Promote awareness from the top down as a business owner or leader 

As an advocate for small businesses, consider trying to influence your company to prioritize shorter payment terms for its small business vendors. Small business owners may need access to this capital in the short term to grow their businesses. 

Knowing how important capital is for small business success, Intuit supports faster payments for small business suppliers. Instead of waiting 45 to 90 days after project completion for their pay, our vendors receive payment in about 10 days. That’s capital that can immediately go toward operations and scaling the company. 

Embrace your power and influence as an employee 

As an employee, your background and interests can lead you to find niche small businesses. The next time you’re looking to bring on a new vendor, explore diverse representation. If you know of a great small business, don’t hesitate to introduce them to your organization and nominate them as potential vendors. 

Small businesses you hire for your own use—if you need food or treats for a party you’re planning – may provide commercial services that can be a perfect fit for your employer’s vendor needs. You could also nominate local diverse-owned businesses to provide products or services for special occasions, like company offsites or charity fundraising events. 

Making an intentional effort to diversify your partners can be a win-win for not only your customers but for your employees as well. Perhaps that locally sourced small business coffee company you love could provide the coffee in your company’s break rooms. 

Another idea is to host small business popups at your workplace. Whether in support of a holiday or just because, popups are a great way to introduce new small businesses to employees that could also become suppliers in the future. 

Intuit’s commitment to support diverse small businesses

At Intuit, we’re passionate about supporting small businesses. That includes doing more to provide resources to Black and underrepresented small business owners as part of our commitment to DEI. 

Employee resource groups (ERG) can be a wealth of knowledge, being both an ally for a given community and providing tangible connections within the community. Our ERGs represent strong, tight-knit groups of members who can show support and affect real change for the communities they support.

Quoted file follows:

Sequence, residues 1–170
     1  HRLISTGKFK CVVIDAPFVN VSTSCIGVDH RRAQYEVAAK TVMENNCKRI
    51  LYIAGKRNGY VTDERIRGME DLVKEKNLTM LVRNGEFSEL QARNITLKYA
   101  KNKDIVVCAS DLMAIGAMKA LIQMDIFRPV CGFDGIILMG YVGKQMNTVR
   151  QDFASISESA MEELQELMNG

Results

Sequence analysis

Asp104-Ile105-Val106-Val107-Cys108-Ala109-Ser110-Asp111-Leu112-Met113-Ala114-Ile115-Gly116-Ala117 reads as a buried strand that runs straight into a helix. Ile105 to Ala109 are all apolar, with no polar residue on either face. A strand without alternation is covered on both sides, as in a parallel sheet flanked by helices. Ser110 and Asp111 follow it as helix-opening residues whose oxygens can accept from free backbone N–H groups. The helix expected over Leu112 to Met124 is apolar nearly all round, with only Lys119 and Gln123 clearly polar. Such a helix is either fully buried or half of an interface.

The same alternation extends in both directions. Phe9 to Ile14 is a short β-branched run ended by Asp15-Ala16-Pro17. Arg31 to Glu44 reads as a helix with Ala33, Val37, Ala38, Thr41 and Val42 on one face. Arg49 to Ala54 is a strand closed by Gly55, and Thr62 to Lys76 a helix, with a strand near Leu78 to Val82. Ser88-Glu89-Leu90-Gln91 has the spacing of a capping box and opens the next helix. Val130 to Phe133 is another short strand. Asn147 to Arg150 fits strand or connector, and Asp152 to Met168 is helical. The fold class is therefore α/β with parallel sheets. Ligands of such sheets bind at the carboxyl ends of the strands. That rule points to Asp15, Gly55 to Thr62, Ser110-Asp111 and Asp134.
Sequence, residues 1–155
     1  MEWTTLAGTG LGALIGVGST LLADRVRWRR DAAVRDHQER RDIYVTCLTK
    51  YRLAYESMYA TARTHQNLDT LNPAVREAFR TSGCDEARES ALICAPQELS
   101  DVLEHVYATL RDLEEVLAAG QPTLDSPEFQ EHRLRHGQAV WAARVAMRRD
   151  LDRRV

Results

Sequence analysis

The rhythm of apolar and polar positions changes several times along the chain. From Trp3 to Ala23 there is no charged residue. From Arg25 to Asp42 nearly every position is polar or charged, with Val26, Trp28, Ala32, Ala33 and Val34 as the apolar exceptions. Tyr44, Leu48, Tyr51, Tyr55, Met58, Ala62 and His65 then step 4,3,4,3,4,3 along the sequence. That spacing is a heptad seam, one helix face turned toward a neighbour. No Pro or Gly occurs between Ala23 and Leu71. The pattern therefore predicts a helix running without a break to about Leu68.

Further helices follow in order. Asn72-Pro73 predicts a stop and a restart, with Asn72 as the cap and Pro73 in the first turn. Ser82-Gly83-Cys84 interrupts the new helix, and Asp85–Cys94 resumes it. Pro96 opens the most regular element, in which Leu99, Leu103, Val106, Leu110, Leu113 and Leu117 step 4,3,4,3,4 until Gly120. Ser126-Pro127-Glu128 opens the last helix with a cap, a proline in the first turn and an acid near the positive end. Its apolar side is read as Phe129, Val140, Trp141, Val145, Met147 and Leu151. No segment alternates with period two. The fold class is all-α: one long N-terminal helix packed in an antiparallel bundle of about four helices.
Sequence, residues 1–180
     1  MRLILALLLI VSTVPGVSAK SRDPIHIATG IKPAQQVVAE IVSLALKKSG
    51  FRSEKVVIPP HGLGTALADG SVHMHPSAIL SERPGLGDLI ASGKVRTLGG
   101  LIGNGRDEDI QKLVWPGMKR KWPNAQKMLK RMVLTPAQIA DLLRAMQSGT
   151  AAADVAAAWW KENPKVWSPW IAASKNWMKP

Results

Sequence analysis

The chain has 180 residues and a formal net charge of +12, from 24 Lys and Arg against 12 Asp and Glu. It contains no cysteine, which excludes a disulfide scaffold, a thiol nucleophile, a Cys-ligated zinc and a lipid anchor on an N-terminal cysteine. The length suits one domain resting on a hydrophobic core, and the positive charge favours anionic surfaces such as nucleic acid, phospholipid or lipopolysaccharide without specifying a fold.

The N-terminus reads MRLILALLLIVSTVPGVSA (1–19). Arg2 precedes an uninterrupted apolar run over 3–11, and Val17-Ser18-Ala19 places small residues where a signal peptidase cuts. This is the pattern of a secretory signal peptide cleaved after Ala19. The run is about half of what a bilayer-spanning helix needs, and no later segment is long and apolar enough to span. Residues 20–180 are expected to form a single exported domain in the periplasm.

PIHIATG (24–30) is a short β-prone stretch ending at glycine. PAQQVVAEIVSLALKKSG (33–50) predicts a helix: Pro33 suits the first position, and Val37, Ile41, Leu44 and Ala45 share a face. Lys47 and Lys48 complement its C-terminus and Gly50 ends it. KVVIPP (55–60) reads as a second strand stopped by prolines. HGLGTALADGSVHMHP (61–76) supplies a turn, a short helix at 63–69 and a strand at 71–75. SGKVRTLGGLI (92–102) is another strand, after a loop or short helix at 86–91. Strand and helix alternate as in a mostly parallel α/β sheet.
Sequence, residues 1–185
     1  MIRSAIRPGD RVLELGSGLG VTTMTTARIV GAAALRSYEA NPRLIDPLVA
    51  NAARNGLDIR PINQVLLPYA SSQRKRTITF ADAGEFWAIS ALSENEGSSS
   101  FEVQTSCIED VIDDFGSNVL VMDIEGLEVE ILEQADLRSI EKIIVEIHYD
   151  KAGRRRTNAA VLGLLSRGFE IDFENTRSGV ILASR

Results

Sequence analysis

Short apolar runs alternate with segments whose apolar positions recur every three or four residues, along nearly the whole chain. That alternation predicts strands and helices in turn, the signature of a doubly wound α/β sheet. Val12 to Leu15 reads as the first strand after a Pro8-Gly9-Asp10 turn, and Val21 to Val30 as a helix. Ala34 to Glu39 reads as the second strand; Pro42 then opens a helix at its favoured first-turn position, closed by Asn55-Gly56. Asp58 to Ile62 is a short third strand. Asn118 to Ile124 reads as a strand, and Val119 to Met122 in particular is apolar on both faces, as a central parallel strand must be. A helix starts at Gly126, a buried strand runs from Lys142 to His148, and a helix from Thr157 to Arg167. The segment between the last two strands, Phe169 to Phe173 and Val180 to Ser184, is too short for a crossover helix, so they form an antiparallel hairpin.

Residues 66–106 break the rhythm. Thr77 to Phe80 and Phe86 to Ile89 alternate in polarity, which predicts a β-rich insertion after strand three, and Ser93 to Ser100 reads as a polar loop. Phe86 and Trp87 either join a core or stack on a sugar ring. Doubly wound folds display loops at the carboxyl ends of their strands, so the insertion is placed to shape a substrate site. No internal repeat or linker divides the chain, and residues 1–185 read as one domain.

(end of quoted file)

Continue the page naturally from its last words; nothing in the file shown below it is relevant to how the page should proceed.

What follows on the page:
If your company has some kind of employee resource group, such as Intuit’s African Ancestry Network, ask the ERG members if they have any diverse small business recommendations. You can also talk to management at your company about working more closely with local diverse-owned businesses. 

Our Adopt a Small Business program is an example of this type of outreach from our headquarters in Mountain View, California. This program involves teams of three to five Intuit employees “adopting” a small business customer that uses Intuit’s QuickBooks. The program is an adaptation of Intuit’s “Follow Me Home” program, where employees have a one-hour conversation with a customer focusing on how they use Intuit products, their pain points, and possible solutions. 

René Whyte, Senior program manager of Adopt a Small Business, notes exactly how deep the program goes. Employee participants spend two hours a week meeting with the customer to discuss their business needs, challenges, and opportunities free of charge. In return, Intuit receives feedback on how customers use its products.  

Support Black businesses year-round 

Supporting Black-owned businesses doesn’t have to end with Black Business Month. To continue to help them succeed year-round, Daggs suggests consciously incorporating small businesses into your regular shopping. 

“My girls and I buy our Christmas gifts, New Year’s gifts, and birthday gifts from small, diverse, Black-owned businesses; or Latinx-owned, disability-owned, female-owned. Just to make sure that our dollars truly matter and we’re voting with our money.” From actions you can take in the workplace to diversifying your own spending, our hope is to help encourage a more equitable future for the small businesses and entrepreneurs that are the backbone of the communities we live and work in every day.